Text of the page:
The albino Rattus norvegicus used in laboratories (photo above by Sarah Fleming) goes back to the Wistar Institute in Philadelphia. Physiologist Henry H. Donaldson took four pairs of albino rat with him when he joined the Institute in 1906, and work there by Donaldson, Helen Dean King, and others resulted in the development of a standardised “Wistar rat.”
In his 480-page tome The Rat: Data and reference tables for the albino rat (Mus norvegius albinus) and the Norway rat (Mus norvegius) of 1915 (revised in 1924), Donaldson notes: “In enumerating the qualifications of the rat as a laboratory animal, and in pointing out some of its similarities to man, it is not intended to convey the notion that the rat is a bewitched prince or that man is an overgrown rat, but merely to emphasize the accepted view that the similarities between mammals having the same food habits tend to be close, and that in some instances at least, by the use of equivalent ages, the results obtained with one form can be very precisely transferred to the other.”
What Donaldson means by the latter point is: “If the life span of three years in the rat is taken as equivalent to 90 years in man, it is found that the growth changes in the nervous system occur within the same fraction of the life span (i.e., at the equivalent ages) in the two forms.”
Since Rattus norvegicus has adapted to live with people (e.g. in tunnels under our cities), it makes for a perfect laboratory animal. Running rats through mazes of varying kinds has become an established way of studying learning, as in this video from the San Diego News Network:
I recently read Circulation: William Harvey’s Revolutionary Idea by Thomas Wright. This interesting biography of William Harvey concentrates on his discovery of the circulation of the blood through the body, and his publication of Exercitatio Anatomica de Motu Cordis et Sanguinis in Animalibus in 1628. The historical and social context of Harvey’s work is described particularly well.
Harvey’s idea had the potential to revolutionise medicine, doing for biology what Galileo had done for astronomy. Sadly, although Harvey’s work undermined the basis for pointless treatments like bloodletting, the respect accorded to ancient Greek medicine kept such treatments alive for centuries after they should have ceased.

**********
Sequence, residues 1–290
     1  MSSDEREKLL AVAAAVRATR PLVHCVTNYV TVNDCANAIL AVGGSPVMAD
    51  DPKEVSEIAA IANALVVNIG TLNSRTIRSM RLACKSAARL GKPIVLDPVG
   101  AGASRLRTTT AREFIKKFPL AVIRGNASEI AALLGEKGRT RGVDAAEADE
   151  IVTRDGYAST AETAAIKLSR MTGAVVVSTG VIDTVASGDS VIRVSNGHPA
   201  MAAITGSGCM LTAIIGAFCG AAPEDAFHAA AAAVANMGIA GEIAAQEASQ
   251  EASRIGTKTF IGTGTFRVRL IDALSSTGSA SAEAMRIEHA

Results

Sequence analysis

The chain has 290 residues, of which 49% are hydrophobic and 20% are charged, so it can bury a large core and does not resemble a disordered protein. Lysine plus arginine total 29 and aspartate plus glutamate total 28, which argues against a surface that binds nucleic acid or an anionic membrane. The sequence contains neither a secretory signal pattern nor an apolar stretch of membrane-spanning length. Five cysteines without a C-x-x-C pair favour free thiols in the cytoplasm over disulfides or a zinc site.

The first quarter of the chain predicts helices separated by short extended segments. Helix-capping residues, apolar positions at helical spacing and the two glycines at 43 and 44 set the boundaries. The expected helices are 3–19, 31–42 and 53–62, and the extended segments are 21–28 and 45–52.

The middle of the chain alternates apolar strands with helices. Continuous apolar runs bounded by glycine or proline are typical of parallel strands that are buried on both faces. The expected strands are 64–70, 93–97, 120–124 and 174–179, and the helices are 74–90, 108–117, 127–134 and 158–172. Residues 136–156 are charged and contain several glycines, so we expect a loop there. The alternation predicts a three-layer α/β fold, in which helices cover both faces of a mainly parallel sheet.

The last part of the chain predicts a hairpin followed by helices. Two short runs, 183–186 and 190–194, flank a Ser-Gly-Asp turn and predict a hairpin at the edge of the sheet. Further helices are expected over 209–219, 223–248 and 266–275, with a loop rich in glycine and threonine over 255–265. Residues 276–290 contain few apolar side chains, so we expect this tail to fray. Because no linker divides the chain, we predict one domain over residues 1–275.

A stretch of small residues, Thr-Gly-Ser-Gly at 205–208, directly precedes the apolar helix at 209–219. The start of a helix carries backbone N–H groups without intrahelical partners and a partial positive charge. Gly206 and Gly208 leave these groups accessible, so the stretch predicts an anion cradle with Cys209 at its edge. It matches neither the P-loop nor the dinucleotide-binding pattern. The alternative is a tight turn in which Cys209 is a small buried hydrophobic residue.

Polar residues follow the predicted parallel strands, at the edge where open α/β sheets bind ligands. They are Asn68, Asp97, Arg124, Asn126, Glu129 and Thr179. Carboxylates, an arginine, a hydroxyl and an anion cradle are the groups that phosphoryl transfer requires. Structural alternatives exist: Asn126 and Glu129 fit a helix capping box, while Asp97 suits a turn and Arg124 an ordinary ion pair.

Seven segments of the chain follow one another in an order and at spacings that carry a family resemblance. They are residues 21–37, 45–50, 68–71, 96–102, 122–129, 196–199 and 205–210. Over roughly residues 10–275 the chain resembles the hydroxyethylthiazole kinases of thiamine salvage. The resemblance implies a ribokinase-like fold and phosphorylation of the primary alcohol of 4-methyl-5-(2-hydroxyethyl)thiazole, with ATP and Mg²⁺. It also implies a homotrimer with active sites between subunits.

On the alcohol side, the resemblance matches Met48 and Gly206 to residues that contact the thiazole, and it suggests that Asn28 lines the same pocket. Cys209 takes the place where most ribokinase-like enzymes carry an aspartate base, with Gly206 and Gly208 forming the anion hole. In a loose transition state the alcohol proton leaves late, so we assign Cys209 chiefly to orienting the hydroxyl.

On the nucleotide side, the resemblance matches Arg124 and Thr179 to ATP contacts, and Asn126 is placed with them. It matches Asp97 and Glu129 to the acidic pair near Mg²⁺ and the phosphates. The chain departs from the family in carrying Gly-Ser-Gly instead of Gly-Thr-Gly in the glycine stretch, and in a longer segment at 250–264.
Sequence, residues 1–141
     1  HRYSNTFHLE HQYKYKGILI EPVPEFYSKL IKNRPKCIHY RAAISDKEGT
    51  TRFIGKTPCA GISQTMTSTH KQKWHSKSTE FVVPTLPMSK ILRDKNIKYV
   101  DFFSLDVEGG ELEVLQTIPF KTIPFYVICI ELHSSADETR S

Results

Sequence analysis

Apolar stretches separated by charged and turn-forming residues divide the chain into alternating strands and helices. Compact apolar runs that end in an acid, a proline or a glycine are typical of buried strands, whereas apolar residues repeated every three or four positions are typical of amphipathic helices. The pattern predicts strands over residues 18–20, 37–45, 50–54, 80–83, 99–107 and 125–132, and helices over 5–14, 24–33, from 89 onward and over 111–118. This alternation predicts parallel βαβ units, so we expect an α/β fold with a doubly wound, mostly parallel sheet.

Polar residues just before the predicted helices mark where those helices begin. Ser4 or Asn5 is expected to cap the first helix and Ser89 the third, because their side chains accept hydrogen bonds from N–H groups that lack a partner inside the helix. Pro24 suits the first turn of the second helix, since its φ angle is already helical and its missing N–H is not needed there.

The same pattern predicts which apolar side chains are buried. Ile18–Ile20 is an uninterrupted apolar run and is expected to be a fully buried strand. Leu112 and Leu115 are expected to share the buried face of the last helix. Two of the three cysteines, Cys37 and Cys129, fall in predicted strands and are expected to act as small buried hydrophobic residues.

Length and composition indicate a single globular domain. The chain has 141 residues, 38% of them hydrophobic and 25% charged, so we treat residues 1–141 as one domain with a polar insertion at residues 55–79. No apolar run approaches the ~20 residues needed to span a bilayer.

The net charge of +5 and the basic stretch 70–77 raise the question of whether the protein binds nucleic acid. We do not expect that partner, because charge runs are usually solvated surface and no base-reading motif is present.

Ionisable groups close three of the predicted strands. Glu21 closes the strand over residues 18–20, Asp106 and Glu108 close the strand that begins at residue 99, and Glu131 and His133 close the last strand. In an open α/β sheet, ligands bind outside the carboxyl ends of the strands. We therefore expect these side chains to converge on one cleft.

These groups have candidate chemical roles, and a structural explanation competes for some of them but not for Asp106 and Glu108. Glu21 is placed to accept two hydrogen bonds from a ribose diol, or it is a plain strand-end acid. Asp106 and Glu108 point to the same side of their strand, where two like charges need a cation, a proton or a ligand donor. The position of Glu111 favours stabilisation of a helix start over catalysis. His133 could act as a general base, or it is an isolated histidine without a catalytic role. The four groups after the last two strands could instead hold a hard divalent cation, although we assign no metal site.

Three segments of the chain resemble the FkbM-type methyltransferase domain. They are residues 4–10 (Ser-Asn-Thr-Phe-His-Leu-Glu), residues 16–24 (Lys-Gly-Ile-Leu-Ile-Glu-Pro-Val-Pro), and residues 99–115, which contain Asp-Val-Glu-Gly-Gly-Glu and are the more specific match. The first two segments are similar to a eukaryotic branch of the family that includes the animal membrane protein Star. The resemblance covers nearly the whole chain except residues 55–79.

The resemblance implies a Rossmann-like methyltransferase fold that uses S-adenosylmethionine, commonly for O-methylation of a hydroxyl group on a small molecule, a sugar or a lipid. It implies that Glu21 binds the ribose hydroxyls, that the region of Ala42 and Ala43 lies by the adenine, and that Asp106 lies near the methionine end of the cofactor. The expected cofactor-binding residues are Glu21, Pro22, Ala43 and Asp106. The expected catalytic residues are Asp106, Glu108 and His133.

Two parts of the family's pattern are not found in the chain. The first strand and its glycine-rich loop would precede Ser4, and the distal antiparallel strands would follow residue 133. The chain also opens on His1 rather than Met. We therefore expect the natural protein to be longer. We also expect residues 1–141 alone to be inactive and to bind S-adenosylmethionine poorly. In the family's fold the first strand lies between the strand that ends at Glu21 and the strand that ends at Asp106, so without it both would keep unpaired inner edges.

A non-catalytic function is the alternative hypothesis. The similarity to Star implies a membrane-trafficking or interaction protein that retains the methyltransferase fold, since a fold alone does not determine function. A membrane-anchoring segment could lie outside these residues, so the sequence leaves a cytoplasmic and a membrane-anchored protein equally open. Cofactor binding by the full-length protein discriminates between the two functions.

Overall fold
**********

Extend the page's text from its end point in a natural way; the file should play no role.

This well-written book is well worth reading, and of interest to students of science, history, and medicine (although the descriptions of live dogs being dissected are a little disconcerting). It won the 2012 Wellcome Trust Book Prize.
So was this strangely beautiful SEM image of sludge from an industrial farming process by Eberhardt Josué Friedrich Kernahan and Enrique Rodríguez Cañas:
This SEM image of a Purkinje cell by Michael Häusser, Sarah Rieubland, and Arnd Roth was one of this year’s winners:
So was this micro-computed tomography scan of the skull and front legs of a tuatara (a New Zealand reptile) by Sophie Regnault:
And this illustration of pollen grains being released from the anther of a flower by Maurizio De Angelis:
All images used under Creative Commons license (CC BY-NC-ND). Click images to zoom and/or read more about the pictures. They’re lovely, don’t you think?
Hallucigenia: as reconstructed in the 1970s (left) and later (right). Images from the Smithsonian.
One of the most interesting of Cambrian fossil creatures is the aptly named Hallucigenia (see above). Famously, Hallucigenia fossils were once reconstructed back to front and upside down, with the spines on the animal’s back seen as bizarre stilt-like legs, and the actual legs seen as strange tentacles. Later reconstructions addressed these errors, but still showed unrealistic stilt-like locomotion.